The School of Athens is one of the most well-known frescoes in the world. It is a Renaissance masterpiece depicting the great philosophers of the classical era, painted by Raphael between 1509–1511.
Figure 1: The School of Athens, Fresco by Raphael, 1509-11
While there is much to discuss in this fresco, I would like to draw your attention to the two central figures: Plato pointing to the skies and his student, Aristotle, pointing towards the earth.
Figure 2: Central detail of The School of Athens, Plato walking alongside Aristotle
Why did Raphael depict them like this?
Plato believes that the world we are living in, the material world, is only a shadow of the ideal world. For example, an apple we see in this world is an imperfect reflection of the perfect apple that resides in the ideal world. Plato calls these perfect or ideal things their Forms, hence his theory of Forms. Theory of Forms is not limited to objects, we can also talk about the Form of education, the Form of friendship and so on. Aristotle, however, goes against his teacher and claims that the material world is real. He believes that the Form resides inside the thing in question, in the material world. If there is no apple, there is no applehood. They both believe in Forms but disagree on whether they exist in another world (Plato) or in this world (Aristotle).
Now you might guess the message Raphael wanted to convey, Plato points the skies because of his belief that the Forms are in another world and in contrast Aristotle points the earth saying Forms can actually be found in the physical world.
This discussion falls into the realm of the problem of universals in metaphysics. Universals are the things that two or more entities have in common (e.g. being a cat or the ideal cat according to Plato) and a universal has instances called particulars. Garfield is a particular cat. He has properties common to all cats, like trying to fit into a box, and other properties that not every cat has such as being lazy, cynical and orange. Philosophers discuss whether universals really exist, and if so, where they reside.
But what has all this got to do with machine learning? Before answering this question, I will try to explain what machine learning is in terms of data, signal, and noise. Let us first clarify these terms:
Data: Values you observe or measure.
Signal: Expected value of the observation or measurement.
Noise: Imperfections causing expected value and observed value to differ.
Based on these definitions we can say that Data = Signal + Noise. Let me try to explain this concept with a concrete example.
How would you plot Force (N) vs. Acceleration (m/s²) behavior of an object with m = 2 kg? Ideally it should follow Newton’s second law, F = m*a. However, in the world we are living in, we know that things are not perfect. Hence the observed behavior would be something like F = m*a + noise. Below you can see the plots and the code used to generate them:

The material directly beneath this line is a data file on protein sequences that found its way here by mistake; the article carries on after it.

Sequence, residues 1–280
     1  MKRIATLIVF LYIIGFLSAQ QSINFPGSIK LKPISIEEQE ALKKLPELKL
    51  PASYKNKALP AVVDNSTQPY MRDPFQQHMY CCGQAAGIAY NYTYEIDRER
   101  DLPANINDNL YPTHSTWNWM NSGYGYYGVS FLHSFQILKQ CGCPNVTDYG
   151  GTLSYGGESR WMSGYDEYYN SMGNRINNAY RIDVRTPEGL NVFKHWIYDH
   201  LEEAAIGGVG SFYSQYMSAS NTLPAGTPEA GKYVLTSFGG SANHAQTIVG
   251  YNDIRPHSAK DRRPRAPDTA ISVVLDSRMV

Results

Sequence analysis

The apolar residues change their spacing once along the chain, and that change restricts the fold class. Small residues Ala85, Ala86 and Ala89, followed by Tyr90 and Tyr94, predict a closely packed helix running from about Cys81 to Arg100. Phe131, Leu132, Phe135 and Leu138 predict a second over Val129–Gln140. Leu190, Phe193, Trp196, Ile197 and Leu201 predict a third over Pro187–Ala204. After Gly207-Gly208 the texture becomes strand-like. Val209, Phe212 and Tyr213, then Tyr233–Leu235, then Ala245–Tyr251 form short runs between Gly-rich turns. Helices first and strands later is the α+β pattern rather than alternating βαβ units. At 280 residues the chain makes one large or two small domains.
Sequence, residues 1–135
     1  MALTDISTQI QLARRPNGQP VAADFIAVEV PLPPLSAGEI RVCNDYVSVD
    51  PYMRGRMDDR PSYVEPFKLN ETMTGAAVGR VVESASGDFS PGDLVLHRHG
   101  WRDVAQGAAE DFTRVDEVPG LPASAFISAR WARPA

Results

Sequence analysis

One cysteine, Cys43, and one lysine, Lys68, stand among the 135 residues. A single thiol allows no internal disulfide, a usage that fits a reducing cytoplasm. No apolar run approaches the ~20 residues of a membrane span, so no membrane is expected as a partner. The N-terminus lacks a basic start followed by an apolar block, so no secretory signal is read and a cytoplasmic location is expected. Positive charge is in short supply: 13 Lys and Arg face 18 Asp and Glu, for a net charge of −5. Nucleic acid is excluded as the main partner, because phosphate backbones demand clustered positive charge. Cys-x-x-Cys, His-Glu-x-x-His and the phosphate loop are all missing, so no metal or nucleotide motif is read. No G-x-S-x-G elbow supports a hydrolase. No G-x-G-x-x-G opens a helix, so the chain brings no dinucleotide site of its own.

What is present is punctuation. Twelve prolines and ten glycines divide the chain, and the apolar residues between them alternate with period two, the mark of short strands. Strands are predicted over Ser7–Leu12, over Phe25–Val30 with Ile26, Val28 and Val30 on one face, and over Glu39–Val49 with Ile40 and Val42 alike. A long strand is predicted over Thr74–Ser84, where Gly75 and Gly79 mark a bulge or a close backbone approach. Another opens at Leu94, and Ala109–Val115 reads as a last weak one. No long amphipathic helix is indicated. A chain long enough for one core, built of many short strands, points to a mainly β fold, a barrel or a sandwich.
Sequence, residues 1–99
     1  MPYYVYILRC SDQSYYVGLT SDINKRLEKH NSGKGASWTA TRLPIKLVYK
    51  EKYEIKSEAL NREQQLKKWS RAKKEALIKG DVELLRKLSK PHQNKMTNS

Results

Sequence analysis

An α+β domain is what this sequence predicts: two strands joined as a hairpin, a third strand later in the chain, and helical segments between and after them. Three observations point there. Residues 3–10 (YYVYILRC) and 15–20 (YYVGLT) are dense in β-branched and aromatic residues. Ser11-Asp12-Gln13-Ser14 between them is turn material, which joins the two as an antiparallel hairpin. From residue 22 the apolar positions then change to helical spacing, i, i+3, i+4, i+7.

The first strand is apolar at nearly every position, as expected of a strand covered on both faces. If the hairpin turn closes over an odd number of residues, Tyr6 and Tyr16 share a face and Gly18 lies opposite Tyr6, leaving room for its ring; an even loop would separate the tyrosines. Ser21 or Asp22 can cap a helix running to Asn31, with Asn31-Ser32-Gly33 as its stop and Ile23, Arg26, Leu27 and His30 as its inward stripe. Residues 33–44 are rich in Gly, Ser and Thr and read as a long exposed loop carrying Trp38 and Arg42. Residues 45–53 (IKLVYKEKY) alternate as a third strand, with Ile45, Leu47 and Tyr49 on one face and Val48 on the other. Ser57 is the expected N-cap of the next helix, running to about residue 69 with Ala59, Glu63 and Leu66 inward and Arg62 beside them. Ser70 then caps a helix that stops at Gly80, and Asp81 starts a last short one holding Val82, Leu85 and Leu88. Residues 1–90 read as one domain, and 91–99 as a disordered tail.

m=2 #mass of the object
a=10*np.random.rand(50,1) #50 random acceleration values
F_ideal=m*a #Ideal F
F_observed=m*a+np.random.randn(50,1) #Observed F
Figure 3: Force vs. Acceleration behavior of an object with a mass of 2 kg, simulated according to Newton’s second law. a) without noise b) with noise
Figure 4: Data = Signal + Noise
Essentially, machine learning algorithms try to learn the signal inside the data. It is important to emphasize that these algorithms are given the data but they don’t know which part of the data is signal and which part of it is noise.
For example, let’s apply linear regression to the data we generated above. You can see that the fit is almost equal to the signal. The machine learning algorithm had no idea about the signal I used to generate this data, yet it was able to find a very close approximation to it.
from sklearn import linear_model
model = linear_model.LinearRegression()
Figure 5: Linear fit of the data depicted in Figure 3b. The aim of the fit is to find the signal inside the data (data=signal+noise)
Now we are at a point where we can see the correspondence between machine learning and the problem of universals.
Machine Learning: Data = Signal + Noise
Problem of Universals: What we see = Universals + Particular properties
Imagine that your friend asks you to build a Bengal cat classifier. You collect Bengal cat images (the data) and train a convolutional neural network (CNN) for this task. The algorithm looks at the data, separates signal (universal bengal cat) from the noise (particular things e.g. one cat has a scar, in another image there is a tree at the background etc.) and hence learns what an ideal Bengal cat should look like – the blueprint of a Bengal cat, so to say. The algorithm stores what it learned as parameters called “weights”. In other words, weights of the CNN after training corresponds to the universal bengal cat — the signal.
The key takeaway from this post is that machine learning algorithms are aiming to learn the universals (also called Forms or signal) inside the data. Hopefully, this will help you view some concepts in machine learning in a different light and grasp them more readily.